Reading – I came across the article “Stop Feeling Guilty About Having So Many Unread Books” a few months ago and thought it had some good ideas worth sharing. In particular, I liked these opening sentences:
Is your bookshelf teeming with more books than you have time to read? Or do your unread books induce feelings of guilt?
If so, you may be practicing the ancient Japanese art of tsundoku, that is, buying more books than you’ll ever read.
Some of the points brought up in the article are:
- Recognize Reading As A Source Of Learning
- Read More Than One Business Book At Once
- Listen To Audiobooks
- Abandon Bad Books
- Ask Your Peers For Book Recommendations
- Create Your Antilibrary
While this article is really looking at books from the viewpoint of business and self-education, much of it can be applied to casual reading. I am not a fan of reading more than one book at a time myself unless one is a technical book. When I try to read more than one novel at a time it just confuses me and I forget what is going on in the novels.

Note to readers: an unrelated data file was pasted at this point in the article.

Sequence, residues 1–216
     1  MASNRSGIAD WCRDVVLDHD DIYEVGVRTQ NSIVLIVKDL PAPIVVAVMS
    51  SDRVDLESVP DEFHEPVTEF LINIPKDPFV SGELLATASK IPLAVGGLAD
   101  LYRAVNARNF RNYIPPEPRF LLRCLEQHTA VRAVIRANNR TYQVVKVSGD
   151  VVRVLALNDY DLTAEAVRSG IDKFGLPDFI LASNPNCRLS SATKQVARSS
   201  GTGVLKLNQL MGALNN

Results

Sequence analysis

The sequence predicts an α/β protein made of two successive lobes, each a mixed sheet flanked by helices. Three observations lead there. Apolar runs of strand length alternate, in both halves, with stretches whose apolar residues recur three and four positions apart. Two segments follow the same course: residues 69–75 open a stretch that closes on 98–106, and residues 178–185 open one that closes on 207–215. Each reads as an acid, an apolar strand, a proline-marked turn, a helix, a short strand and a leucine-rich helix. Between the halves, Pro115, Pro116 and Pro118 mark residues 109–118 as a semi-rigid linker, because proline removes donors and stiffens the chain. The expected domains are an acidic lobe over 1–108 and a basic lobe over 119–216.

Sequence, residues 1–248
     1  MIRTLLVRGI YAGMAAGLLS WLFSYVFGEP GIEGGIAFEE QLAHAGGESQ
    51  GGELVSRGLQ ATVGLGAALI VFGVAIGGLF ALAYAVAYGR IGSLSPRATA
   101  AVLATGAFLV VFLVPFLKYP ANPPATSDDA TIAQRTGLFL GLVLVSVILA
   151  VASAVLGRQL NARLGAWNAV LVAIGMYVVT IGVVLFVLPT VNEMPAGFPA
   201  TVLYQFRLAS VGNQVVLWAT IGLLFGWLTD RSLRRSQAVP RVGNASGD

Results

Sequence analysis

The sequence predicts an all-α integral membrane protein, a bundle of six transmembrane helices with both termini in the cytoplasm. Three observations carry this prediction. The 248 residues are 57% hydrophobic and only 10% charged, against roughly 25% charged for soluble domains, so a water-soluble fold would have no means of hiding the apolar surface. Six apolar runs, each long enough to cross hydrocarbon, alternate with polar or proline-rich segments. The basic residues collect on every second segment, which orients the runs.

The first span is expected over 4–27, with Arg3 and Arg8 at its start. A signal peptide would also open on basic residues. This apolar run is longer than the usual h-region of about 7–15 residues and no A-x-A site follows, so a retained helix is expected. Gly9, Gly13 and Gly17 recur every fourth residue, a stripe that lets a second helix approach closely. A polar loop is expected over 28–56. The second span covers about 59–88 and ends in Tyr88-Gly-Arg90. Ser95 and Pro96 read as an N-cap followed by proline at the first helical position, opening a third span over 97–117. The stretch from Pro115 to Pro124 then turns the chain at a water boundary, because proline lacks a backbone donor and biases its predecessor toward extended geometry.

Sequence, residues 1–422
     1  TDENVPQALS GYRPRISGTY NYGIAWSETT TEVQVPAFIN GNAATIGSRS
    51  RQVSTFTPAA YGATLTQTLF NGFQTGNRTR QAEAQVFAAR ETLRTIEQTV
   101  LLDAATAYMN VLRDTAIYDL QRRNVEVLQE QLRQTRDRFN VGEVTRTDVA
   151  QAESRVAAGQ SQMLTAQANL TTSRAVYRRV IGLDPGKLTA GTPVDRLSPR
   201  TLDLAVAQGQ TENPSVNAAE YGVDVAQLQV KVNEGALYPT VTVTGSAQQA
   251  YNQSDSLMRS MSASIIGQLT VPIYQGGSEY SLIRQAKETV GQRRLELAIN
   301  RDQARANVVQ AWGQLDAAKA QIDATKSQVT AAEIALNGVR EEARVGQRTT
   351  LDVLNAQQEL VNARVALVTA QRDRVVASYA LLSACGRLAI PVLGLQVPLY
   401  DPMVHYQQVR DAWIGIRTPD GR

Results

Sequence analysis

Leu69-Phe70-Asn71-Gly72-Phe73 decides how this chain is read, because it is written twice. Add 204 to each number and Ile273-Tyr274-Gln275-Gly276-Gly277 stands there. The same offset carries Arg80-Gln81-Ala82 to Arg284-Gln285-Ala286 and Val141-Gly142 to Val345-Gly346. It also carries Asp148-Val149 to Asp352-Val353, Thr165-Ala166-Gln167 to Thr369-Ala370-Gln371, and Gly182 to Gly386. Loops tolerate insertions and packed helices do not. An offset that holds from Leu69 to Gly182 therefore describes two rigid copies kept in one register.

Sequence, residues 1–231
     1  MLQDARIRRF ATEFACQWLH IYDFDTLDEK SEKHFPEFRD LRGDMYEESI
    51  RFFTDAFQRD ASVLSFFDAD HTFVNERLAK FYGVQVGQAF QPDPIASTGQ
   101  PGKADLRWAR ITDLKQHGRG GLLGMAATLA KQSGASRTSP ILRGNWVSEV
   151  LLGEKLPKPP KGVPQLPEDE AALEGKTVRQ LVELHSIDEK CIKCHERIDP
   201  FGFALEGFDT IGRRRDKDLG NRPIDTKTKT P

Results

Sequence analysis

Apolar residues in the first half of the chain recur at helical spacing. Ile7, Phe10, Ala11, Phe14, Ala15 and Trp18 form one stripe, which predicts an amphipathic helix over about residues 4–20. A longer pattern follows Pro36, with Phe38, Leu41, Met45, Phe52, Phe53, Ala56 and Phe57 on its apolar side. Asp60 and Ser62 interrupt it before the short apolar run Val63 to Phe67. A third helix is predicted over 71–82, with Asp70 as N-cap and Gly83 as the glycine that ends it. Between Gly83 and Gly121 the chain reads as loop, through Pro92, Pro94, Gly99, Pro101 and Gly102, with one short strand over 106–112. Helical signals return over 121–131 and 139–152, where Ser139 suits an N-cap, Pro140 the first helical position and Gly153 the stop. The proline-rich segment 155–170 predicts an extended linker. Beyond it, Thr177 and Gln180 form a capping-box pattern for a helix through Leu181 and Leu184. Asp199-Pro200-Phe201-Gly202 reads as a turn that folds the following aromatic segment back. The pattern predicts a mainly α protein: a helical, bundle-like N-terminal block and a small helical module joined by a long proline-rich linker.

Audiobooks or podcasts are a good idea. I listen to several hours of podcasts each week and as they mention in the article, I have learned to listen at 2x the playback speed. Even with this, I am hundreds of podcasts behind!
I also agree about abandoning bad books or ones I simply do not like. I follow the Rule of 50 with my reading for the most part, though I have to say that I have not had to invoke it too often. Using peer recommendations or reviews on Goodreads will help to eliminate those books you would clearly not like, though some will slip through.
The ‘antilibrary’ or list of yet to be read books is a good idea. I have hundreds on my Kindle, though my ‘to-be-read’ queue is only around 70 books right now. That sounds like a lot, but the past three years I have read more than 130 novels a year.